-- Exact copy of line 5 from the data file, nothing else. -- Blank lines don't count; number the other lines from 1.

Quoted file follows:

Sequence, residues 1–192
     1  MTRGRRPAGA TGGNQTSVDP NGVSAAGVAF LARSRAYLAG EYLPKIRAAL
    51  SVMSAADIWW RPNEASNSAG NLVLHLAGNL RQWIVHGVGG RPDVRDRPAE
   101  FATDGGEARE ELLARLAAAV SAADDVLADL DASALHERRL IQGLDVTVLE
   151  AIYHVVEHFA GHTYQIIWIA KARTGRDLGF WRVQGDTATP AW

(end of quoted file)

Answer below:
   151  AIYHVVEHFA GHTYQIIWIA KARTGRDLGF WRVQGDTATP AW